You already make a good dummy. You did refer to "posthumans," and you did, without qualification, talk abou spreading out across the galaxy. The reasonable implicit assumption is that you meant humans spreading out across the galaxy. You only came up with that hilarious "seeding" fantasy after i first replied to your drivel. Don't blame me for your failures to express yourself competently. There is nothing archaic about recognizing the limitations imposed by cosmic radiation and micro-gravity. Cosmic radiation, at least, would apply to your castles in the air about "seeding" the galaxy. If it would be extremely difficult to get people to pony up for manned colonization mission, it would be nearly impossible to get them to pay huge sums for an idiptoc Johnny Appleseed project.
0 Replies
 
Setanta
 
  1  
Reply Mon 3 Mar, 2014 03:25 pm
@dalehileman,
What it was devoid of is an understanding of what i was saying and why i was saying it. Once again i'll point out that you butchered the quote of my post. To find candidate planets, you'd want to send out mechanized missions, not manned missions. So you'd have to wait for them to get to the target, assess it, and send a report back--before any manned mission has to make the trip. That could take at least centuries if not thousands of years. Do you get it now?
0 Replies
 
akaMechsmith
 
  1  
Reply Mon 3 Mar, 2014 03:59 pm
@RushPoint,
A lot of our human destruction is from our point of view. Every species including ours eventually will come to some sort of balance with its environment. This balance generally comes in cycles. Most of human activities are an attempt to circumvent these natural cycles.

One such cycle is the cycle that runs between the fox and the rabbit in the US and Canada. The rabbit is so successful in one part of the cycle so that they increase to the point that the foxes have a very easy life. The rabbits don't get enough to eat and are weakend and easy prey. The foxes eat well and have many babies. next year there are so many foxes that most of the rabbits get eaten. This leaves more food for the surviving rabbits. Meanwhile the foxes are so thick that the worms, viruses, and starvation kill off a lot of them. Then the rabbit population rebounds and the cycle begins anew.

When you transfer this to humans you can see evidence of the cycle again. Humanity was in a fair balance for thousands of years. Sometimes they starved, sometimes sicknesses and poor nutrition served as a check on their numbers. Then some clown taught the Jews to wash their hands. Uh-O! That was a technological improvement that allowed cities and towns which heralded in agriculture. The the laws of Malthus took over again. Famines in China and India kept down the population. Tribal warfare in the Americas helped slow down population growth for several thousands of years. Then another clown invented the plow and the horse collar. This allowed a density human density to occur that allowed for plagues and smallpox. This worked for a couple hundred years. Then technology reared its head again. Vaccinations and artificial farming methods are staving off the cycle for now. World wars and cultural wars such as the Viet-Nam, Korean, and Boer wars helped some. The troubles in the Sudan are killing many that would otherwise starve as their resources run out. Abortion in the U.S. and Europe are killing a hundred thousand or so a year.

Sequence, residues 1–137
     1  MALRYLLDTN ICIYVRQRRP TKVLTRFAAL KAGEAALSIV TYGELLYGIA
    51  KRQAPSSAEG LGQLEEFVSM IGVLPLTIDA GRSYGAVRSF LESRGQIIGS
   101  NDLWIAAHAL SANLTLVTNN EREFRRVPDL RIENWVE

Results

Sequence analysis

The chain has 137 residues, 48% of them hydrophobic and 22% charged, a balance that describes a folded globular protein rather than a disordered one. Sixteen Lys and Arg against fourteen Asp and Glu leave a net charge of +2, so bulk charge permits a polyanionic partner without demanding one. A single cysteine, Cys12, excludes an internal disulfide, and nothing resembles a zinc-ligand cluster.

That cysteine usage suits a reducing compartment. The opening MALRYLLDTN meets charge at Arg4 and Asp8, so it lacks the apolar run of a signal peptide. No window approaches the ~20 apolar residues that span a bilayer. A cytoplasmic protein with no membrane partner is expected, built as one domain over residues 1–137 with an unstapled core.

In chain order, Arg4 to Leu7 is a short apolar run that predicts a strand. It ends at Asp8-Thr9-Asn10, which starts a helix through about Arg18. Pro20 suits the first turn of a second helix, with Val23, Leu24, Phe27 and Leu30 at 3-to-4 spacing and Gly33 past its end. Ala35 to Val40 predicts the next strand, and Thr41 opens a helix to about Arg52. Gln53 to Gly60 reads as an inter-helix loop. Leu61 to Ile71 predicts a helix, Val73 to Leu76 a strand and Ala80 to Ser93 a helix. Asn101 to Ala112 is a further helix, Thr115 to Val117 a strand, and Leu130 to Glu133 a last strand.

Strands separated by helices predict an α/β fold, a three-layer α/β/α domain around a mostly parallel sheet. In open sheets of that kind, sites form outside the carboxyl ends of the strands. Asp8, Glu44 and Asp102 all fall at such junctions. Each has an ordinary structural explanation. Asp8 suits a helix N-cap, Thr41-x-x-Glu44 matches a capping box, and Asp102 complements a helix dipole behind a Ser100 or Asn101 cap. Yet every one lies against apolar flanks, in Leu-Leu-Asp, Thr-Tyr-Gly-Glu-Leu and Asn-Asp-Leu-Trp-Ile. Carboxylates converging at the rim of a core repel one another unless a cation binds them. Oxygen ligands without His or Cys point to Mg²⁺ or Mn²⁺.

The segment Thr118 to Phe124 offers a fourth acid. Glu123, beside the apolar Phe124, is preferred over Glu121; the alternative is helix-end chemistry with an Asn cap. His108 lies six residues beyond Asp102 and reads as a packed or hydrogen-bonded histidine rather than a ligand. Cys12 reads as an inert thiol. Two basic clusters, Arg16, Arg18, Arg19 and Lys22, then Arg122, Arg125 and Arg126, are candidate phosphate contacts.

So humans also have a natural equilibrium. Humans are also the only animal potentially able to understand this. The only point open to debate is at what living standard do we wish to maintain this equilibrium. It will happen whether we do anything or not. Malthus was a mathmetician or rather perhaps a philosopher who understood arithmetic.

As a species humans are a sucessful one. The jury is still out on whether they , as a species are an intelligent one or whether we will continue to be subject to natural cycles?
0 Replies
 
Finn dAbuzz
 
  1  
Reply Mon 3 Mar, 2014 04:38 pm
@RushPoint,
I don't think that the pursuit of scientific knowledge (whether in physics or any other field) is intended to make us mor significant or "bigger" so why would the opposite result make the pursuit pointless? In fact the more we understand, having figured it out ourselves, the bigger we are.

We don't all realize we are a biological fluke, nor do we know how long we will be around. Religion is not about the species but about the individual. If humans ceased to exist tomorrow, there is no reason to assume that God would cease to exist as well. We may be one of countless creations. Our end doesn't mean the end of his creations.

You despair too easily. Greed and corruption are social constants. They've been been with us since the beginning and we are still here...and clearly thriving. It's true though that people tend not to really confront a problem until it reaches a point of crisis, but that doesn't mean we can't deal with them all in crisis mode. We've done fairly well so far, even if it's just surviving the crisis. But again, perhaps this is a fatal flaw of humans. So what? It just means humans won't get to be part of the grander future, not that there won't be one.

Evolution is an ongoing process and hardly one that kicks in only when a speci
0 Replies